An important part of incentivizing people to donate money toward your event is to make them feel like they will be part of the experience. If you can’t afford to give away products (such as mugs or T-shirts featuring your brand logo), set up a tiered system in which people who make donations get to participate in your event. For example, if you’re a production company who is in the process of making a film and throwing an event to promote it, offer extra roles or set experiences to people who donate the most. The greater the amount of the donation, the bigger the perks. Why not offer free admission to your event for anyone who donates above a set amount? The added benefit here is extra exposure. (Of course, you don’t want to offer this to anyone who donates any amount- it could result in more of a crowd than you can handle!)
Some other ideas for incentives that won’t put you in the red? Offer a custom product demo, a free brief tutorial with you or one of your speakers, or another insider experience at your event. You can also offer access to future discounts to people based on the amount they donate.
Invest Your Revenue Wisely!
As you start to profit from ticket sales, you’ll be able to invest the revenue in ways that grow your brand-new event planning business! Firstly, make sure your vendors, speakers, and staff are paid in a timely manner. It’s important to build good relationships with vendors, keynote speakers, and others who play a major part in the experience of your events.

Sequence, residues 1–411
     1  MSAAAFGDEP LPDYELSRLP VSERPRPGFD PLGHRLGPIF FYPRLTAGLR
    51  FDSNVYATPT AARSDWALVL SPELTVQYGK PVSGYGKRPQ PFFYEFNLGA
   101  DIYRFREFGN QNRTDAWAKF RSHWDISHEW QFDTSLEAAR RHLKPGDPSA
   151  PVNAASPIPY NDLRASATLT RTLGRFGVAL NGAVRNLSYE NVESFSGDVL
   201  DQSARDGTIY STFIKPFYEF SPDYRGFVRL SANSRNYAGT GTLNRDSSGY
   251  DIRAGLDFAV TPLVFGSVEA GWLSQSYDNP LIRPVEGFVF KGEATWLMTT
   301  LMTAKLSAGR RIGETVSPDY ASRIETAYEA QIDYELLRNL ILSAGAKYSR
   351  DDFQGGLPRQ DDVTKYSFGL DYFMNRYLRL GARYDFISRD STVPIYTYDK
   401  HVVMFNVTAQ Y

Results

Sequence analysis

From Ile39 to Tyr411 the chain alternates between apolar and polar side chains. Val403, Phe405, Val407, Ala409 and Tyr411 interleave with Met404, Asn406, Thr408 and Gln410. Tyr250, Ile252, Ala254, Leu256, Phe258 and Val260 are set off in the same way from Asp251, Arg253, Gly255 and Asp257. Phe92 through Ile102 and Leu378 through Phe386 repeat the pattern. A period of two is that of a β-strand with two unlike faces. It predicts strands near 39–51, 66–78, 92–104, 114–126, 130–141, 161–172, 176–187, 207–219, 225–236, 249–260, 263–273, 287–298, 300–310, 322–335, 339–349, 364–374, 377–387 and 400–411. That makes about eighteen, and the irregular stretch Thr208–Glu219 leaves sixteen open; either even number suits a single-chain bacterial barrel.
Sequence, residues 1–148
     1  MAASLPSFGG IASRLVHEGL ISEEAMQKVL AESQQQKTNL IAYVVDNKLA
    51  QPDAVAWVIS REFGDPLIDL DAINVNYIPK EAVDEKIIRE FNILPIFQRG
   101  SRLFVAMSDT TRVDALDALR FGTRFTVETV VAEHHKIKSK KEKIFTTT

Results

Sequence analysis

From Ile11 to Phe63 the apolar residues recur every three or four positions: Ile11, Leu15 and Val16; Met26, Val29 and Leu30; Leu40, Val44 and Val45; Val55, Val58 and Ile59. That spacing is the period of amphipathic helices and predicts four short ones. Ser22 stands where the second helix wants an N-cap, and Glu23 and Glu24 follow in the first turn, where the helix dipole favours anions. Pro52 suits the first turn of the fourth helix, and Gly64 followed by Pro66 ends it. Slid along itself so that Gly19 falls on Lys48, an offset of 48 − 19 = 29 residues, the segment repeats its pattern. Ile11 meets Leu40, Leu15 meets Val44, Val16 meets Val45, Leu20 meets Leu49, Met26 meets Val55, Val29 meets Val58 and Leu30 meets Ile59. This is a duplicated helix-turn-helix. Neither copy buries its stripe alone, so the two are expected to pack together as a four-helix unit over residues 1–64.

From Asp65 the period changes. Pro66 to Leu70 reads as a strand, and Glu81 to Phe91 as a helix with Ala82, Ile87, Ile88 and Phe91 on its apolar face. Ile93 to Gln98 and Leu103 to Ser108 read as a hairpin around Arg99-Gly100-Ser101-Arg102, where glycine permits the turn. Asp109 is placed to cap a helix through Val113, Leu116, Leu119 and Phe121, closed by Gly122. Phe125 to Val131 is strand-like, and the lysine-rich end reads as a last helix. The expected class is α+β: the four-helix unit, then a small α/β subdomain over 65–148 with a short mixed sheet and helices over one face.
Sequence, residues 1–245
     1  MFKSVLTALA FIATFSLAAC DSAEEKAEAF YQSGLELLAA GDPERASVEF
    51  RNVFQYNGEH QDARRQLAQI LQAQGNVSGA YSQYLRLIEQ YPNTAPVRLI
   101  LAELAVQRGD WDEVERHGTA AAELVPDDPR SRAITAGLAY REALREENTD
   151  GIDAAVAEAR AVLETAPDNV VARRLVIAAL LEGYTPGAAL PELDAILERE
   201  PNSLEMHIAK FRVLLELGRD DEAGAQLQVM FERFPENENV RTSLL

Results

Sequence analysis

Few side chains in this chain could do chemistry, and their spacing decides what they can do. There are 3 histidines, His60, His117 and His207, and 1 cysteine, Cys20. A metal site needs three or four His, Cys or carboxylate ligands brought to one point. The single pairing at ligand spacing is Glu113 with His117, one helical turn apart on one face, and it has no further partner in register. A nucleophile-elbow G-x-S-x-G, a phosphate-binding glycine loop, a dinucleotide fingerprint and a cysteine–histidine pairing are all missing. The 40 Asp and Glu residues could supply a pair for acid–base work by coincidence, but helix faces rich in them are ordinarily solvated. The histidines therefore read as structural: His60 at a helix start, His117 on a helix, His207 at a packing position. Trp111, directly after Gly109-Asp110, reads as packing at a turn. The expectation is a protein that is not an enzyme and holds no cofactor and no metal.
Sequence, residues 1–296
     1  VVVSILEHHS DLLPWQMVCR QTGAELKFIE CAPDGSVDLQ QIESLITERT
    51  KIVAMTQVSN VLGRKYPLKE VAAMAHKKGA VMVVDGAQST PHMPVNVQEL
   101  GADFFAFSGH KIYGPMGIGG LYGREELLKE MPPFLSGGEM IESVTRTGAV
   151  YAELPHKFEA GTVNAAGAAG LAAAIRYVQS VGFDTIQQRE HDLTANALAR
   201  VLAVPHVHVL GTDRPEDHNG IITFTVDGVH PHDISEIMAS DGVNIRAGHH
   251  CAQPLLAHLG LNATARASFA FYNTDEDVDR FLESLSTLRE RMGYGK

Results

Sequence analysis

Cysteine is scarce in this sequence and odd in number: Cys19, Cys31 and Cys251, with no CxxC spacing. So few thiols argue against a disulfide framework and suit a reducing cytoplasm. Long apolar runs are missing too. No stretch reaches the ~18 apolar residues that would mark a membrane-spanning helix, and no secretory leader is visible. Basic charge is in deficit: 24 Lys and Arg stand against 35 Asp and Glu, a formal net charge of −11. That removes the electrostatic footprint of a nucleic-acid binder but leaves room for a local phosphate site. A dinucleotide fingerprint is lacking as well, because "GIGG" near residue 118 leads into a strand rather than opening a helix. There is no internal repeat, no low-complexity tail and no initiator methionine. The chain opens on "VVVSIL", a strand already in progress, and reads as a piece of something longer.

Next, use what’s left to strategically invest in effective marketing. A lot of event planning businesses take out paid promotional ads, which can help give you the exposure you need. (But keep in mind that savvy use of social media can do just as much, and sometimes even more, to promote your business and events). Invest whatever you can in better promotional packages, better sponsorship packages, and improved experiences at your next event.
Use Data to Improve Your Next Event (and Build a Long-term Relationship with Your Attendees)
It’s a lot of work, but it’s so important to maintain an interactive relationship with your attendees before, throughout, and after an event. The long-term success of your event planning business depends on your relationship with your customer base- and your ability to keep up with its ever-changing needs. As your business grows, you will be able to invest in more sophisticated data software, such as attendance tracking apps, RFID, and near field communication.